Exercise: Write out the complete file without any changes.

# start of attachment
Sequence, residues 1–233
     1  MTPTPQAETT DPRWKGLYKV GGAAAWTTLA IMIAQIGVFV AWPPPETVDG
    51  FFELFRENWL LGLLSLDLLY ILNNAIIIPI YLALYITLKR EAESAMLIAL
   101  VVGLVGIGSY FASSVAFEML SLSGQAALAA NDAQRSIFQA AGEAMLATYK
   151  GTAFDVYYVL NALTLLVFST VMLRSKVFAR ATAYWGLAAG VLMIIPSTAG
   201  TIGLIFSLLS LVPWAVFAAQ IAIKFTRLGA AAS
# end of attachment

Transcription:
Sequence, residues 1–233
     1  MTPTPQAETT DPRWKGLYKV GGAAAWTTLA IMIAQIGVFV AWPPPETVDG
    51  FFELFRENWL LGLLSLDLLY ILNNAIIIPI YLALYITLKR EAESAMLIAL
   101  VVGLVGIGSY FASSVAFEML SLSGQAALAA NDAQRSIFQA AGEAMLATYK
   151  GTAFDVYYVL NALTLLVFST VMLRSKVFAR ATAYWGLAAG VLMIIPSTAG
   201  TIGLIFSLLS LVPWAVFAAQ IAIKFTRLGA AAS